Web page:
Tunnel boring machine "Chip" being readied to begin boring one of seven "drift" tunnels which will form part of the crown over the pedestrian tunnel at Billy Bishop Toronto City Airport.
The second of two tunnel boring machines was lowered into a shaft last week to construct the pedestrian tunnel that will take passengers from downtown Toronto to Billy Bishop Toronto City Airport. The 1930s-era airport on Toronto Island has grown increasingly busy in the last few years and is now serving more than two million passengers travelling to eastern Canada and the U.S. Travellers currently have to take a short ferry ride across the Western Gap to get to and from the airport.
The TBMs “Chip” and “Dale” are not tunneling for the main passage that passengers will walk through, but rather for seven smaller “drift” tunnels that will form the passageway’s arched roof. Arup Canada, who are the engineers for the design-builder PCL, came up with the innovative design, explains Ken Lundy, P.Eng., director of infrastructure for the Toronto Port Authority which owns the airport.
The main pedestrian tunnel is 10.8 metres in diameter and 244 metres long. It will carry four moving sidewalks that travel around 2.3 Km/h. This tunnel is being dug using traditional mining excavation methods. The bottom lies 30 metres below the Western Gap, sitting under 10 metres of rock and riverbed and 10 metres of water.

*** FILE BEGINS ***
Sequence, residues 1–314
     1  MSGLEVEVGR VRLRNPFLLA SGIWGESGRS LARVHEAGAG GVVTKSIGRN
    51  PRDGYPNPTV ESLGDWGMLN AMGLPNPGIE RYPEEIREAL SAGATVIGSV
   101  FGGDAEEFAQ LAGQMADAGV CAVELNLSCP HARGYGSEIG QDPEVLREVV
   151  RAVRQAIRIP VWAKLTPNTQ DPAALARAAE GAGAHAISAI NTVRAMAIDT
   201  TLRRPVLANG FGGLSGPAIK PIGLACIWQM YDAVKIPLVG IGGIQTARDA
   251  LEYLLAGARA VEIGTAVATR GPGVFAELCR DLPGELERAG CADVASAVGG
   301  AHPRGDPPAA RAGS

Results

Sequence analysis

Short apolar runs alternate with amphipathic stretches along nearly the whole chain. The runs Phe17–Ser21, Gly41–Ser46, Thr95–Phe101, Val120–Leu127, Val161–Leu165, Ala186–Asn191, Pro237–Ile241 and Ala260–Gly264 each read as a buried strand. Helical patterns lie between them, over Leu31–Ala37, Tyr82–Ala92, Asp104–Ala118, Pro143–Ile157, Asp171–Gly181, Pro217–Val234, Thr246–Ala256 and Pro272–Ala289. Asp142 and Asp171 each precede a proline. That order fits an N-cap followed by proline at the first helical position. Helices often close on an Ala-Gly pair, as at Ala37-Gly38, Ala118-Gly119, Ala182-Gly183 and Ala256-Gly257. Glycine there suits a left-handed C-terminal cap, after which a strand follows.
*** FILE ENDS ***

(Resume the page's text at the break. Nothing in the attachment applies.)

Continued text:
The smaller tunnels – each 1.8 metres in diameter – will be interlocked and concreted to create a roof that is designed to reduce the potential for water ingress during construction. Three of the drift tunnels will carry water and wastewater service pipes to the island.
The seven smaller tunnels are being dug by the two 90-tonne TBMs. Each of these machines is 11 metres long, and moves up to 15 metres per day.
The walkway is being built as a public-private partnership and is expected to be completed by the spring of 2014.
A few years ago plans were made for a bridge to span the Western Gap to the airport, but this was voted down by the city politicians. Dillon Consulting helped produce a striking bridge design, but this plan was abandoned due to political opposition. Dillon and NORR helped produce the reference design for the tunnel scheme.